Nina Sumers, CW’74, L’77, met her husband Alan Myers, L’75, in a reading room in Biddle library the day she started law school. “I was confused by the first case in the homework assignment because it referred to the same two people in six different ways. appellant, appellee, petitioner, respondent, plaintiff, defendant...” says Nina. Alan, then a 3L, saw her looking puzzled and offered to help her.
Some months later, she recognized him as they sat across from each other at a table in the library. They began to chat in whispers and he mentioned that for dinner he had made ground meat with salad dressing. The unsavory image of the mismatched ingredients triggered a laughing fit.
“We couldn’t stop laughing. We had to leave the library,” says Nina.
After reconnecting in the library, they began studying together regularly and eventually dating. “I think I endeared myself to her,” jokes Alan, “by buying her cups of hot chocolate from the vending machine in the law school basement.”
Their relationship benefited both their law school careers. Nina adopted Alan’s diligent study habits, and Alan found that their relationship alleviated a lot of the pressure of law school. His third year grades, he said, were by far his best.
After graduation in 1975 Alan moved to New York to be an associate at Skadden, Arps, Slate, Meagher & Flom, LLP. On weekends, either Nina would come to New York and they would work together in what was then the tiny Skadden library, or Alan would visit in Philadelphia.
Following a semester of weekend visiting, they became engaged in February of Nina’s second year, and were married that May when Nina was 24 and Alan just shy of 25. Nina enrolled at Columbia University for third year classes but still received her law degree from Penn. “Although some of my oldest friends date from my year at Columbia, I really missed the warm, congenial atmosphere at Penn,” says Nina.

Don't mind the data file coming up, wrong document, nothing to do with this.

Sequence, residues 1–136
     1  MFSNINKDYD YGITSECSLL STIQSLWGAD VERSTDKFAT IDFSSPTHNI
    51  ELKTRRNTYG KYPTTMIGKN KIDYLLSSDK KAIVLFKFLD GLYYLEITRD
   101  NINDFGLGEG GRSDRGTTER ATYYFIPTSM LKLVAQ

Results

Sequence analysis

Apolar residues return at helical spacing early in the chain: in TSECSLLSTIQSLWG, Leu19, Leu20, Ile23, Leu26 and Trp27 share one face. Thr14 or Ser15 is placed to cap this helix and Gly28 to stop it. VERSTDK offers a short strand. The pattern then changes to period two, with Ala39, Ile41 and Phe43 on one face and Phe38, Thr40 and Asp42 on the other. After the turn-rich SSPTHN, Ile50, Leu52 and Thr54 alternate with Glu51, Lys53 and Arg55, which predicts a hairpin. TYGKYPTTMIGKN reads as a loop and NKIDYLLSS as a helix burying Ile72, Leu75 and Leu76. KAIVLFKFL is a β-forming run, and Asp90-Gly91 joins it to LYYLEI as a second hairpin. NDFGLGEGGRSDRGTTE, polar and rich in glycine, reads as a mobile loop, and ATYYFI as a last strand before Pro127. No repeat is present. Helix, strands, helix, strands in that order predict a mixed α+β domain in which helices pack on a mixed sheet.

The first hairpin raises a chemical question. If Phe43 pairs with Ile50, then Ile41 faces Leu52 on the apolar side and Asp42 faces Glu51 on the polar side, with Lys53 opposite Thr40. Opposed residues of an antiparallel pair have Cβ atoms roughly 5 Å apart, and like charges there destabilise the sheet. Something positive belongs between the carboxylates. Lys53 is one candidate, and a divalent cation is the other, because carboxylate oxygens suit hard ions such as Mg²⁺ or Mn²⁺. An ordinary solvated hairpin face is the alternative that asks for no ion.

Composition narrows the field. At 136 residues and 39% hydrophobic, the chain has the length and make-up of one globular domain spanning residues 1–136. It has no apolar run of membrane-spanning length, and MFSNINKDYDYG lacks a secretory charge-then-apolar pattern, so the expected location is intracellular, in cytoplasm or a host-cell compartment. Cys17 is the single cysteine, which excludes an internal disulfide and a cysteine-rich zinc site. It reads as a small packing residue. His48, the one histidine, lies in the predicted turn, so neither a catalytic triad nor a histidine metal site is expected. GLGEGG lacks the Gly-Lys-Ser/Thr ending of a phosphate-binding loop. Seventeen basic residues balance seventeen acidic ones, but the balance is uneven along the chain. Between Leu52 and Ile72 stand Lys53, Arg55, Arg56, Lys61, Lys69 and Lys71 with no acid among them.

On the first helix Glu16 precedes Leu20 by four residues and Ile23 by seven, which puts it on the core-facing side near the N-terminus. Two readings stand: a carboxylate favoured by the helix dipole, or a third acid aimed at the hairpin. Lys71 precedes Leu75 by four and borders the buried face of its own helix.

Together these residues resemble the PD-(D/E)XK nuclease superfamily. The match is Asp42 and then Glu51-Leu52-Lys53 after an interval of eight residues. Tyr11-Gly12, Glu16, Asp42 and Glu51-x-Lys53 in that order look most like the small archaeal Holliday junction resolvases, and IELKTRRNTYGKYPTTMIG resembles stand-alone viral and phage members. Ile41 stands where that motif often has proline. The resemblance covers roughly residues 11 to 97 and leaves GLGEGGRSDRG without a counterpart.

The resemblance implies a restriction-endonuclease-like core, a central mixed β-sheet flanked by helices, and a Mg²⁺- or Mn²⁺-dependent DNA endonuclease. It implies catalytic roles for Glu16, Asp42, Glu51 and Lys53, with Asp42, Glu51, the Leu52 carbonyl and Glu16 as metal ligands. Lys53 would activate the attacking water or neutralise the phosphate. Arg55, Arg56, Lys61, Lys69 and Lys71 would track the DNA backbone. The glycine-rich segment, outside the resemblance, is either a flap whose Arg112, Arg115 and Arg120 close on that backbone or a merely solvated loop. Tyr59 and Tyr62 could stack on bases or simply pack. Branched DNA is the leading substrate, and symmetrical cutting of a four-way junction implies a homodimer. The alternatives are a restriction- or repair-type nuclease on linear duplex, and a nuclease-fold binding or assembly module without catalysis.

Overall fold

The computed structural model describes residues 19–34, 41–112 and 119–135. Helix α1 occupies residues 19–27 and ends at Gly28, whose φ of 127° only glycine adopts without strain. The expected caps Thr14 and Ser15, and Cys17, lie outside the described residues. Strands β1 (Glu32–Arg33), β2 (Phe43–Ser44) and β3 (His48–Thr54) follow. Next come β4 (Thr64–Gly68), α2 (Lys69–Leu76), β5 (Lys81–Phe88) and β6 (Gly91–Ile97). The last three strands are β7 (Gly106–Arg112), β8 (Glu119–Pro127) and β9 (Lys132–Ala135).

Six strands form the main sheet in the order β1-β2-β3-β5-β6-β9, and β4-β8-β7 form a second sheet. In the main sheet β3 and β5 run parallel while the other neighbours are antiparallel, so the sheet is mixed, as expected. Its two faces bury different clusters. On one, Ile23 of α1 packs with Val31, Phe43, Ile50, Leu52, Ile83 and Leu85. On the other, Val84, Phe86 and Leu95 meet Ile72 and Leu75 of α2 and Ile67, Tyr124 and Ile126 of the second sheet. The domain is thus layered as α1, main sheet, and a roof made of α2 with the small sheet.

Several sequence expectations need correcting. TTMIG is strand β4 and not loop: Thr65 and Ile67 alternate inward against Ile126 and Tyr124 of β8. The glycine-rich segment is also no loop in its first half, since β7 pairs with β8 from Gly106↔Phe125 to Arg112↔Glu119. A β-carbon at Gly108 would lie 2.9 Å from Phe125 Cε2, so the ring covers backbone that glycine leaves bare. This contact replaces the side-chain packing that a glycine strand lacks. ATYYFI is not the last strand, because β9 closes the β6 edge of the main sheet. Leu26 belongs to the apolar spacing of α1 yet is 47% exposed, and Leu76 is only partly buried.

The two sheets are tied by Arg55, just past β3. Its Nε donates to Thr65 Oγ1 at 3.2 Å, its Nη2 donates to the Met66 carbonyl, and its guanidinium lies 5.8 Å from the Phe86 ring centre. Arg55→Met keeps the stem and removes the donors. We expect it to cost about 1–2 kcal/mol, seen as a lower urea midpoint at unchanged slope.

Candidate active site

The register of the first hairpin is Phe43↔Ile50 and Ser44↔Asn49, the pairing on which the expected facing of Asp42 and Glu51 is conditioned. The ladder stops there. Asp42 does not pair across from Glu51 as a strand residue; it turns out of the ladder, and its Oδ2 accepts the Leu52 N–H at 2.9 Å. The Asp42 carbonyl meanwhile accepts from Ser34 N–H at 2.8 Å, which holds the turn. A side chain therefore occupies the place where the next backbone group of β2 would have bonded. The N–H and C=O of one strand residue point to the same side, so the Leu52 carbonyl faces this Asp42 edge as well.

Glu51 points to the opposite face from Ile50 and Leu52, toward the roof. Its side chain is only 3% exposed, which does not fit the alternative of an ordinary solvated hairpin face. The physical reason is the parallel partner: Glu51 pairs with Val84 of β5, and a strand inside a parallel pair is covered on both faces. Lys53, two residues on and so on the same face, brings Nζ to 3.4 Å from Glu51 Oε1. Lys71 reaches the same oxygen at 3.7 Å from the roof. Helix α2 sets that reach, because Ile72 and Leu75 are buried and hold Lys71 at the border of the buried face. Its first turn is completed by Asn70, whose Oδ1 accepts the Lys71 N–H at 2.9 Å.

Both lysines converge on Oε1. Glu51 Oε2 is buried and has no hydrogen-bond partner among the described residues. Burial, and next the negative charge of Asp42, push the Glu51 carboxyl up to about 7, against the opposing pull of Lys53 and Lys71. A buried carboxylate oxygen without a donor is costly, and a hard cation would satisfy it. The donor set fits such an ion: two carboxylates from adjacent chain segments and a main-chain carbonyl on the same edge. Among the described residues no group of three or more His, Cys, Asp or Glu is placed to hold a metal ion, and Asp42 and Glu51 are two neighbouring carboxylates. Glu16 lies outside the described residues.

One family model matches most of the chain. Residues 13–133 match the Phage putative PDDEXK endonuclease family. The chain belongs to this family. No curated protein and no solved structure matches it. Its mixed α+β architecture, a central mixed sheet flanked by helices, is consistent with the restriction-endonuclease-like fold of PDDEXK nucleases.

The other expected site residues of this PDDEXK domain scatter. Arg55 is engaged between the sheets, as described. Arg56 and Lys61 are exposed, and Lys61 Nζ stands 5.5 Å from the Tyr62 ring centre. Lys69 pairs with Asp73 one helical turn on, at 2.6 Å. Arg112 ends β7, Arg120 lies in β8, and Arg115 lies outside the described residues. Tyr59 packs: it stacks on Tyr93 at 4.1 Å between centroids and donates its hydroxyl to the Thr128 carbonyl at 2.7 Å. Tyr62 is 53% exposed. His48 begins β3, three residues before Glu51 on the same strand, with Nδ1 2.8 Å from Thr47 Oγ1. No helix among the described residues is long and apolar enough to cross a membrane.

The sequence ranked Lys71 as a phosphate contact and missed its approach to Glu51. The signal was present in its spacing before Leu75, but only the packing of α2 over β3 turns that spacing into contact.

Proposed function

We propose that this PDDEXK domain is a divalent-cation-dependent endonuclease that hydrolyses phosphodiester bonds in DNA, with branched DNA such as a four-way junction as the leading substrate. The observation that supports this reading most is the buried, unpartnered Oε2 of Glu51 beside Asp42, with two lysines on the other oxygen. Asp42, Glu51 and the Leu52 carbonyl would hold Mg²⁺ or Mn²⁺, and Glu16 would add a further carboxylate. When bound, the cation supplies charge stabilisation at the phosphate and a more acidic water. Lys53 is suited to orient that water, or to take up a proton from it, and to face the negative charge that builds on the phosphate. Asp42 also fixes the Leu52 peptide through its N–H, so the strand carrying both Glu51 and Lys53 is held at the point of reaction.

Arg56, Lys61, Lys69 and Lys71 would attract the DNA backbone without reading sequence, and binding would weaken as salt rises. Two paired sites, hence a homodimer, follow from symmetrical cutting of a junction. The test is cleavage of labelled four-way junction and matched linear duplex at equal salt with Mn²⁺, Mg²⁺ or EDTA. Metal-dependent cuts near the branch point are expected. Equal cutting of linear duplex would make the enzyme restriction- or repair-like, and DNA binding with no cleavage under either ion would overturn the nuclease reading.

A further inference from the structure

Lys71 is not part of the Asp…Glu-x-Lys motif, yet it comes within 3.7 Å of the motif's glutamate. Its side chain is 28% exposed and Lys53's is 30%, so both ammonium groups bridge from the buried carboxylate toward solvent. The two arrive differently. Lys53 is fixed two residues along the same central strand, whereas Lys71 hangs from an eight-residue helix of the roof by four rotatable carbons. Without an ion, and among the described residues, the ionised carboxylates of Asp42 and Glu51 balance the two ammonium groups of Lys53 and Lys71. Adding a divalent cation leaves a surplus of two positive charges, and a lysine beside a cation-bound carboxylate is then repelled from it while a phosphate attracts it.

After graduating in 1977, Nina began to practice estate planning and administration at Sullivan & Cromwell LLP in Manhattan. Three and a half years later their first son was born, followed by another son in 1984 and a daughter in 1987. As the family grew, Nina changed firms so that she could work first four and then three days a week to have more time with her children.
“Alan always worked long and unpredictable hours and I felt that one of us needed to be more consistently available for our children,” Nina explains. “I loved being there when they came home from school, hearing about their days and having dinner with them.”
In 1983, Alan became a partner at Skadden, with a practice in mergers and acquisitions. Today, he is still with the firm where he works on a wide range of domestic and international corporate deals.
Although Nina stopped working after 18 years with four different firms, the law is still a part of her life. She just finished a five-year term as president of the board of her co-operative apartment building, where she found her legal background to be invaluable. She serves as a board member of a nonprofit organization, studies Spanish and finds time to play a lot of tennis.
Now, in their 33rd year together, Alan and Nina are reliving their law school experience through their son Steven, currently a 3L at Penn. Steven and his girlfriend, a 1L at New York University, often use Nina and Alan’s apartment on the weekends. “Seeing papers and books spread out all over the dining room table reminds me of when Nina and I used to study together. The only difference is the laptops,” notes Alan. And, hopefully, tastier dinners.